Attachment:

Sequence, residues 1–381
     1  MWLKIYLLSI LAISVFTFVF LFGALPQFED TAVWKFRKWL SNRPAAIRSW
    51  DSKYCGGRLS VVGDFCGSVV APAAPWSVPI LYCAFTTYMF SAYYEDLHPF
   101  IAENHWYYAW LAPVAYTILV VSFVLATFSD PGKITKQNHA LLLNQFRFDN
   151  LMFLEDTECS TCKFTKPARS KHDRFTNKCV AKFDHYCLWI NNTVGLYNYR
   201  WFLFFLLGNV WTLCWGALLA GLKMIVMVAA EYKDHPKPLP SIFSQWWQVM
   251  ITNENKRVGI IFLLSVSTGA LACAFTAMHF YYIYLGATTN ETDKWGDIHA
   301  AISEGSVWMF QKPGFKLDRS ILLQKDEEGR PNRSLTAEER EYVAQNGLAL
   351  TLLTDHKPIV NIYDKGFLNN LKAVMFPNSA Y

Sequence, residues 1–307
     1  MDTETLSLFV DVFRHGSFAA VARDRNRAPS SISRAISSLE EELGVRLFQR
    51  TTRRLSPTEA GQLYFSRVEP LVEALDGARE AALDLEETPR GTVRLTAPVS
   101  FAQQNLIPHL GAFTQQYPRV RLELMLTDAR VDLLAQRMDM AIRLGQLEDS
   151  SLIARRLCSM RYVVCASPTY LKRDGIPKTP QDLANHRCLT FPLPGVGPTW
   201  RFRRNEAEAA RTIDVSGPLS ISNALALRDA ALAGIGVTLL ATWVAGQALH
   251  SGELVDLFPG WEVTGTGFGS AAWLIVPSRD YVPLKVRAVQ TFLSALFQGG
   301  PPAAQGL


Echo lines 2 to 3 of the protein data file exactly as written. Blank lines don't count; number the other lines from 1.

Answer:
     1  MWLKIYLLSI LAISVFTFVF LFGALPQFED TAVWKFRKWL SNRPAAIRSW
    51  DSKYCGGRLS VVGDFCGSVV APAAPWSVPI LYCAFTTYMF SAYYEDLHPF